How do you clean insert with no by pass?

Dmitry

Minister of Fire
Oct 4, 2014
786
CT
Hi , I'm in a process of installing Free Standing Stove (Osburn 2400) in existing fireplace in my basement . It;s going to be almost like insert. The liner is going to be connected all the way in a back. Not a lot of space to work around. Wondering how i'm going to clean it. I have insert with bypass upstairs and cleaning it is a breeze . Just opening bypass and sweeping whatever falls. How do you clean insert with no bypass and tight space around it?
 

velvetfoot

Minister of Fire
Dec 5, 2005
9,973
Sand Lake, NY
I brush my insert from the bottom, through the stove. I don't even have to remove any tubes. I have the system of 3' poly pipe (like well or sprinkler pipe) sections that snap into one another...don't remember name. Making the 90 deg bend and getting the brush started is the hardest part. With your big stove, that shouldn't be a problem (mine 2.3 ft3 vs your 3.4 ft3. I usually have a shop vac sucking in the insert with pipe in exhaust going out a window. Not even sure the vacuum is really necessary.
 
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velvetfoot

Minister of Fire
Dec 5, 2005
9,973
Sand Lake, NY
Yeah, I forgot about the baffle, but mine is in two pieces and they angle out without taking out a tube. That stove is pretty huge. Sounds like it'll be a good heater.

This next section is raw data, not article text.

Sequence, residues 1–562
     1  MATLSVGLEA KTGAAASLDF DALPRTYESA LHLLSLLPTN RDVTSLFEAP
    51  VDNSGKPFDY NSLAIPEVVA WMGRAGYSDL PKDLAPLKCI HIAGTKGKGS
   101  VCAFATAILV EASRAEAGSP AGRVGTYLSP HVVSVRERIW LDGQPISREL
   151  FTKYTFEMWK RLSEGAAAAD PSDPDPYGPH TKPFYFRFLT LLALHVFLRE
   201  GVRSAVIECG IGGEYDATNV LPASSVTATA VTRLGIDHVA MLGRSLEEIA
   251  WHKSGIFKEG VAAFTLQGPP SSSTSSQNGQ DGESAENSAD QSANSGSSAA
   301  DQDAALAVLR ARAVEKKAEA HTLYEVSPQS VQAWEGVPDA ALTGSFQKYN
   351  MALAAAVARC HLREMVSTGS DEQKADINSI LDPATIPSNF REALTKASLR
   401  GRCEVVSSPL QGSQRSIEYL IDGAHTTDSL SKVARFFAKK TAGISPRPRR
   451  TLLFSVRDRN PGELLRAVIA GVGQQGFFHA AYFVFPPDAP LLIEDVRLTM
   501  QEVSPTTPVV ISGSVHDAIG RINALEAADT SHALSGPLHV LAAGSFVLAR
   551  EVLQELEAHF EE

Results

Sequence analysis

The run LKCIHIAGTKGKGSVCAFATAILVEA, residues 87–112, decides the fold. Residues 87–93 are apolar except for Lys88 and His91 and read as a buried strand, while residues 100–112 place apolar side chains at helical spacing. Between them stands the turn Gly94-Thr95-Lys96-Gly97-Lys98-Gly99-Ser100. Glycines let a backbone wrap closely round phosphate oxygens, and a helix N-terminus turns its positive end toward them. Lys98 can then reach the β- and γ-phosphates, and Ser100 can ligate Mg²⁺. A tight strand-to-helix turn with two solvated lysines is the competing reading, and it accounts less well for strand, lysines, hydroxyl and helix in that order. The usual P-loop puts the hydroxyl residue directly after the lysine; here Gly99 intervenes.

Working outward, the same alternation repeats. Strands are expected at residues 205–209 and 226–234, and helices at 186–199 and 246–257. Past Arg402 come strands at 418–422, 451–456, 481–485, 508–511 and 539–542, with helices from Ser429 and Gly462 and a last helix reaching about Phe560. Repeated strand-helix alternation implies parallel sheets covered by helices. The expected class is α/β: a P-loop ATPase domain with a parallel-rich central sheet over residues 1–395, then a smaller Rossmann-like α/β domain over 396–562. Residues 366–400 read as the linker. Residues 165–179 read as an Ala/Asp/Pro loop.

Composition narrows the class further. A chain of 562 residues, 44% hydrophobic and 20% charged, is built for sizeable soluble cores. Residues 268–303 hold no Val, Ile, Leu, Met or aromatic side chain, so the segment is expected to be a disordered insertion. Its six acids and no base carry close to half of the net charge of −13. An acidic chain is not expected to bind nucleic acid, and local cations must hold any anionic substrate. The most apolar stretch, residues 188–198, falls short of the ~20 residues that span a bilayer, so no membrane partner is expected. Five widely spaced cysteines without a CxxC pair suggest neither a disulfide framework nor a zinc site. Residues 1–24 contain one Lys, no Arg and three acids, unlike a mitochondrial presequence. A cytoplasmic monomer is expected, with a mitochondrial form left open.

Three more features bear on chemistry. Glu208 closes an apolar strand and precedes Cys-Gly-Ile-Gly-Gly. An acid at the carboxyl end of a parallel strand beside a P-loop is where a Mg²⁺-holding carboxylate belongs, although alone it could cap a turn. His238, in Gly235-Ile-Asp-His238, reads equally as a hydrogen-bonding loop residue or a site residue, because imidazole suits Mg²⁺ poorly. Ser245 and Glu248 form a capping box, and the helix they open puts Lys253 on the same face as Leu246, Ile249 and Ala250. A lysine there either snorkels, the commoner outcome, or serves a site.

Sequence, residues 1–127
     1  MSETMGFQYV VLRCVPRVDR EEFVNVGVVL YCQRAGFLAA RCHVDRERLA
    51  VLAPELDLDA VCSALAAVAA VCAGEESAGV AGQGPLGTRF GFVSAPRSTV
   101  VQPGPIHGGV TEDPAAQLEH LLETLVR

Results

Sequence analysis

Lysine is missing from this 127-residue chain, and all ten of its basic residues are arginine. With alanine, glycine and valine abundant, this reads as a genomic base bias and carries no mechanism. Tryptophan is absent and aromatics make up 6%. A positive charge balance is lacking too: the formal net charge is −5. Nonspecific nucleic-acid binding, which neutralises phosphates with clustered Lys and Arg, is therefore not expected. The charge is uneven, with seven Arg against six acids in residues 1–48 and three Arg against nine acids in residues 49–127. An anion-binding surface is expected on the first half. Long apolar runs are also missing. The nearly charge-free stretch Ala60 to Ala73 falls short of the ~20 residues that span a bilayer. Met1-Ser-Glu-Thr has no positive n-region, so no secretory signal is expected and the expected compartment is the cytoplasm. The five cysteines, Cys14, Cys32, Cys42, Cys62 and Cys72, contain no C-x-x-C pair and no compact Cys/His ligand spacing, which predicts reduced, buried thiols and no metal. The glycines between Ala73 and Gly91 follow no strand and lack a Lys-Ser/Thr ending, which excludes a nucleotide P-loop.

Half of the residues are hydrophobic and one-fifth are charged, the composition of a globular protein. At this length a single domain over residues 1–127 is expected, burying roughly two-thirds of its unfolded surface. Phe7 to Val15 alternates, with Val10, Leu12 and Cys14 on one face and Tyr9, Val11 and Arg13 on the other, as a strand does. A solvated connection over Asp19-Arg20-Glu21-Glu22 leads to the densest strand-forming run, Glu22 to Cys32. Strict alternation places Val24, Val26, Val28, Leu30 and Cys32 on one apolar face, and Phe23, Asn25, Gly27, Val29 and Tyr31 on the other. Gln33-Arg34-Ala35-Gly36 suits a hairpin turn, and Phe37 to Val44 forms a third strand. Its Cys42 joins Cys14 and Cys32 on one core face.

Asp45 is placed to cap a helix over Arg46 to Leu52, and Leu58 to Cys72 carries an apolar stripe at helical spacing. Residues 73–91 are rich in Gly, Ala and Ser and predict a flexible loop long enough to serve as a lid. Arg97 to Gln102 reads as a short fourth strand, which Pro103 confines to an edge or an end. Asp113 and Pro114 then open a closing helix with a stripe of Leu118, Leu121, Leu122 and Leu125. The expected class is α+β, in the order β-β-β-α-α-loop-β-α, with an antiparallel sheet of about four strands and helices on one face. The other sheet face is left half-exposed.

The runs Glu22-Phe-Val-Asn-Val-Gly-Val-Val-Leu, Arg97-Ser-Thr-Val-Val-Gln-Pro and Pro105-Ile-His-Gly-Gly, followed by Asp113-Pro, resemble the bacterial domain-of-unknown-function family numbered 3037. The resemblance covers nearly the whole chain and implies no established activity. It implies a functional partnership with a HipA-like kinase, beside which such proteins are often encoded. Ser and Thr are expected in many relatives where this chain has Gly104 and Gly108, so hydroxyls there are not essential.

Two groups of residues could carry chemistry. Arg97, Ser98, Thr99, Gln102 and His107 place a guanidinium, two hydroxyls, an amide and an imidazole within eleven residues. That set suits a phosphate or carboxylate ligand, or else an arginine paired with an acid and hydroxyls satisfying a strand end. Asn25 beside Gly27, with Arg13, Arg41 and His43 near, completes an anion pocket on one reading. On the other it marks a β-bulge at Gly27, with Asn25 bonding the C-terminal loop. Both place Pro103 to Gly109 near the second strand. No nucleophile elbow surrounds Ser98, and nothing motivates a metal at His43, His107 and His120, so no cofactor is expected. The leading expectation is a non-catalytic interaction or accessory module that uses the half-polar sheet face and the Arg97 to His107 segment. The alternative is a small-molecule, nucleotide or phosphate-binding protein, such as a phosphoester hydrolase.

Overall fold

bholler

Chimney sweep
Staff member
Jan 14, 2014
18,678
central pa
Hi , I'm in a process of installing Free Standing Stove (Osburn 2400) in existing fireplace in my basement . It;s going to be almost like insert. The liner is going to be connected all the way in a back. Not a lot of space to work around. Wondering how i'm going to clean it. I have insert with bypass upstairs and cleaning it is a breeze . Just opening bypass and sweeping whatever falls. How do you clean insert with no bypass and tight space around it?
Are you planning on sticking the stove inside the fireplace?
 

Dmitry

Minister of Fire
Oct 4, 2014
786
CT

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bholler

Chimney sweep
Staff member
Jan 14, 2014
18,678
central pa
Yeah , pretty tight fit.
Doing that is really going to hurt the heatoutput of the stove. The heat radiated off the stove will just go into that masonry structure. Is it on an outside wall?
 

Dmitry

Minister of Fire
Oct 4, 2014
786
CT
I realize that and this is why i'm trying to remove as much brick from inside of the chimney to make room for liner and not to shove the stove all the way. The good thing, this is not outside wall, but its basement with uninsulated floor, so lot of heat will be lost. Hopefully blower will help. it will be supplemental part time heater. Didn't really need it but couldn't pass $600 deal for almost new stove. Previous owner said he is going back to old stove, because this one not producing enough heat. I guess he needed to dry his wood somewhat more . :)
 

bholler

Chimney sweep
Staff member
Jan 14, 2014
18,678
central pa
I realize that and this is why i'm trying to remove as much brick from inside of the chimney to make room for liner and not to shove the stove all the way. The good thing, this is not outside wall, but its basement with uninsulated floor, so lot of heat will be lost. Hopefully blower will help. it will be supplemental part time heater. Didn't really need it but couldn't pass $600 deal for almost new stove. Previous owner said he is going back to old stove, because this one not producing enough heat. I guess he needed to dry his wood somewhat more . :)